It may be news to some that I am about to move to Canada to answer a call to ministry. I will be “Lead and Teaching Pastor” at Grassroots Church, in Thunder Bay, Ontario. God appears to be calling me–after having earning a PhD in New Testament from an Ancient Scottish University–into the local church.
Unfortunately, in the world that we live in, this is not the most intuitive of steps forward. But I believe that it is the right one for my family. As far as I can tell, this was not a step made out of desperation. I am confident that after some steadfastness, I could have eventually landed a teaching post. This is also not me forsaking of a privilege, I do not think. While my new station will likely complicate my future research and writing ambitions, I plan to continue engaging in the scholarly discussion of the New Testament, from my pastoral context.
There are many aspects of life made uncertain by this path. And there is risk involved with that. But I believe that the future of a robust Christian faith in the West will depend on pastors who have undergone intensive (decades-long) training, having learned to read the scriptures faithfully and touch workaday hearts (in local congregations) with the story of God. This may be exactly the type of thing that God has in mind for me.
This is not to say that pastors, who have not been trained for ten years, have no role in the future of Christianity. And this is not to say that trained Christian men and women, who are working in academic institutions, have no role either. Each has their important place in the economy of God’s kingdom. But it seems to me that, in the situation in which we find ourselves in the West, we will need men and women who can both chart the way forward for Christianity, through the many secular worldviews vying powerfully for Christian devotion as well as minister to the hearts of the best and brightest Christian scholars of our day. Workaday Christians are exposed to powerful alternative worldviews in our day. And Christians in the academy are exposed to powerful demands (on their souls) to produce and specialize. Each needs care and shepherding, which (incidentally) one particular station of ministry can offer: the pastor theologian.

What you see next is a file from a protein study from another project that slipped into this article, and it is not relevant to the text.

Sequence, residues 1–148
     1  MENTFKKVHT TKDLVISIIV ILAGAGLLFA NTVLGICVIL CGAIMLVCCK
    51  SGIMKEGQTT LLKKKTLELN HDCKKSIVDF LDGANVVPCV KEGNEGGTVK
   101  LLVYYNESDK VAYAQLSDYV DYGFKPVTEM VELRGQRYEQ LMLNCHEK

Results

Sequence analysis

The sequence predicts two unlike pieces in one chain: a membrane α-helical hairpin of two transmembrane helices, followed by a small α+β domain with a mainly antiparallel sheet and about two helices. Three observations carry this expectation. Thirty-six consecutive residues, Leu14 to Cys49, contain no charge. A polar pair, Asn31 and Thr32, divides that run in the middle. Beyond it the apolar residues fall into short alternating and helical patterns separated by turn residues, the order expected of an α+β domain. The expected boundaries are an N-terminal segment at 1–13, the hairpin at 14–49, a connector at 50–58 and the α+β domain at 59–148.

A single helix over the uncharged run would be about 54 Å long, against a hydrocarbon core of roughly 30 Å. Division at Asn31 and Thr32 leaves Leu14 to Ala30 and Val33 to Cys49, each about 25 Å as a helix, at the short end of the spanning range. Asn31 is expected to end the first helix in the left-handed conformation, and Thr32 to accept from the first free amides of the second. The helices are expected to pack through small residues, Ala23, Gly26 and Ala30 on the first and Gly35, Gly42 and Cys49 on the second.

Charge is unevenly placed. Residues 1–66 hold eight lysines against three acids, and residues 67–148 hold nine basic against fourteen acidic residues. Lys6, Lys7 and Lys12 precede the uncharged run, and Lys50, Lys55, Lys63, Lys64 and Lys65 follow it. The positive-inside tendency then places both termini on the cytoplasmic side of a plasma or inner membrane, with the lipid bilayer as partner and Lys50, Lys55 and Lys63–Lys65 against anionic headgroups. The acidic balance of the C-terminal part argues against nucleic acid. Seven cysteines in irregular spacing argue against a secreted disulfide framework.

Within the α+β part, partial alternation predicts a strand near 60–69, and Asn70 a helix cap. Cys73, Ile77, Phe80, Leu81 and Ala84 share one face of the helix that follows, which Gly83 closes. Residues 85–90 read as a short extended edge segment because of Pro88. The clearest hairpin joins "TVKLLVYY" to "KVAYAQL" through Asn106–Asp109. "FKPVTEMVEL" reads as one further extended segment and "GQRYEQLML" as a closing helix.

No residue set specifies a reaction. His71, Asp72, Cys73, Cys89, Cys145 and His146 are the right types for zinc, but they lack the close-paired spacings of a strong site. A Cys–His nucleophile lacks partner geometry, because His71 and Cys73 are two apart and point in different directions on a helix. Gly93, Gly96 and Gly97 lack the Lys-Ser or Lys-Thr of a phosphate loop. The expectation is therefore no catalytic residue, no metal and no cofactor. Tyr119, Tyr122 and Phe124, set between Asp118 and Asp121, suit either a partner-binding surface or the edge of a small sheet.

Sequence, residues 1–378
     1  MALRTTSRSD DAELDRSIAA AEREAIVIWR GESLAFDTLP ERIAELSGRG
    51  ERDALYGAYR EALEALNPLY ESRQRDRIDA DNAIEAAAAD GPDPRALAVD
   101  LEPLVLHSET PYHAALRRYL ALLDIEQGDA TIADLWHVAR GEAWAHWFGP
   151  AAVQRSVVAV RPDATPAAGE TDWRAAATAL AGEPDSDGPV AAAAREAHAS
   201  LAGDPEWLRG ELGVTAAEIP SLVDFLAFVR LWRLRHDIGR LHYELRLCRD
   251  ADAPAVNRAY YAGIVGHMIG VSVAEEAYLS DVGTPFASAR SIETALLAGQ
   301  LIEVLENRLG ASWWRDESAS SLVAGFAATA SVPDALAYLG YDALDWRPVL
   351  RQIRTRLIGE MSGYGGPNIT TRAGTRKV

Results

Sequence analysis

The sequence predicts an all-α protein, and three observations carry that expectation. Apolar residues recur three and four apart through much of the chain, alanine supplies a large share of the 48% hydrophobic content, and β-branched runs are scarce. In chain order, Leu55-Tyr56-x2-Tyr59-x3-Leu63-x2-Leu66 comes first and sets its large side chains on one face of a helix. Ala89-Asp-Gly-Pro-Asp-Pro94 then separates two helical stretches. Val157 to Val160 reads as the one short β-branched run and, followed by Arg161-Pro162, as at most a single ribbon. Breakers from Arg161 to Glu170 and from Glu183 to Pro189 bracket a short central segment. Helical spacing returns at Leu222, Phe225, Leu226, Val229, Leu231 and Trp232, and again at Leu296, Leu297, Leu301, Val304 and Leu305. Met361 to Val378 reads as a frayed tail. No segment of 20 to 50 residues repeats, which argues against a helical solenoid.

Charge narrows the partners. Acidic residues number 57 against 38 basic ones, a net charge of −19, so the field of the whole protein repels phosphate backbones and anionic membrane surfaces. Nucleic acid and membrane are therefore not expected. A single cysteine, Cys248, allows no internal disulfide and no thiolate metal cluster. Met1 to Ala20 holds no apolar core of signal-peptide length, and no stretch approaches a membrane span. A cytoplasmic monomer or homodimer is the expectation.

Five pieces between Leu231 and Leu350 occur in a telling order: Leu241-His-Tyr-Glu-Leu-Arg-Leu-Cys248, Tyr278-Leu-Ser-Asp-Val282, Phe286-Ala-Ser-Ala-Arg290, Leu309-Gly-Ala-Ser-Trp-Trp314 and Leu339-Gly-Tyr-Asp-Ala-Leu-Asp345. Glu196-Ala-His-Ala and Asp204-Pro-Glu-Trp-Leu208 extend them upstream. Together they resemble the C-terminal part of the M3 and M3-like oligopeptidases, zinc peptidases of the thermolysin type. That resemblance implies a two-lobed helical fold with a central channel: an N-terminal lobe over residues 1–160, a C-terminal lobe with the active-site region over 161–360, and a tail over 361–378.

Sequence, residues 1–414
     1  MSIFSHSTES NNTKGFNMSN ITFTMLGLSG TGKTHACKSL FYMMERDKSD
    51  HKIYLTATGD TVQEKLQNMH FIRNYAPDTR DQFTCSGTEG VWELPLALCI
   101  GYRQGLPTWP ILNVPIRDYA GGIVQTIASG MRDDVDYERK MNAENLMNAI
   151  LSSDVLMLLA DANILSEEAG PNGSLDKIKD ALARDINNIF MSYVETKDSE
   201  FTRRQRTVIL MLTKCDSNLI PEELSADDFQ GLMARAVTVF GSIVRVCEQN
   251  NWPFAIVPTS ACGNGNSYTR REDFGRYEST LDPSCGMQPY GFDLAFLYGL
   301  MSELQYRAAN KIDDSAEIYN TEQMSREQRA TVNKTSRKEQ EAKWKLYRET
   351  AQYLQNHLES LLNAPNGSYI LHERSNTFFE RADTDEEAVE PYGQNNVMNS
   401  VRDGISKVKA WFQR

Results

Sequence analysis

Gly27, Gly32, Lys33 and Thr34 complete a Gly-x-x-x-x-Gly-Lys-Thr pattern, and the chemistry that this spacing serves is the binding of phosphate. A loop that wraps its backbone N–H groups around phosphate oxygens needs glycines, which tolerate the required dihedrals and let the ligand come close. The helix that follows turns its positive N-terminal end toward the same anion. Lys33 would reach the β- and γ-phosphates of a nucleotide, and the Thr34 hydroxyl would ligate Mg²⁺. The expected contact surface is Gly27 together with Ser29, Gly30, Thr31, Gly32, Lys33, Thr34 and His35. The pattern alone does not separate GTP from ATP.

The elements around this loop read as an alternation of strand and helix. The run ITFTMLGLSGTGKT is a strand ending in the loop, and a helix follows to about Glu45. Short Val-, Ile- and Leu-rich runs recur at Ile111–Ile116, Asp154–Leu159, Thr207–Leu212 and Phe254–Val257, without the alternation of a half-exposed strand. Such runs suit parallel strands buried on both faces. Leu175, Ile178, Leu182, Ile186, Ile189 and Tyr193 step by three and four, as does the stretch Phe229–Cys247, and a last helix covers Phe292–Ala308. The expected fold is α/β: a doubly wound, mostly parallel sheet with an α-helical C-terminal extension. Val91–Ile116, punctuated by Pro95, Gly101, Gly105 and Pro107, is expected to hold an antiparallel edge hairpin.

Most of what I read about pastor theologians have to do with these ministers having a world-wide task of safeguarding doctrine. This is probably my own ignorant half-reading of the conversation. But if so, I hope that there is a more expansive vision for the pastor theologian. From my vantage point, the pastor New Testament Scholar has six important tasks:
- Learn biblical languages, content, and history to the best of one’s ability,
- Become as much of an expert on the human condition as possible,
- Learn to be a good spiritual director and community developer,
- Become as effective of a communicator and write as much as possible,
- Develop a deeply human biblical theology of formation, and finally
- Surround oneself with the best executive pastors and competent ministry directors as possible.
Friends. Other pastor theologians? What am I missing? What do you see as the need and task of pastor-Biblical scholars?
Check out some of these other online articles about the role and the task of a pastor theologian: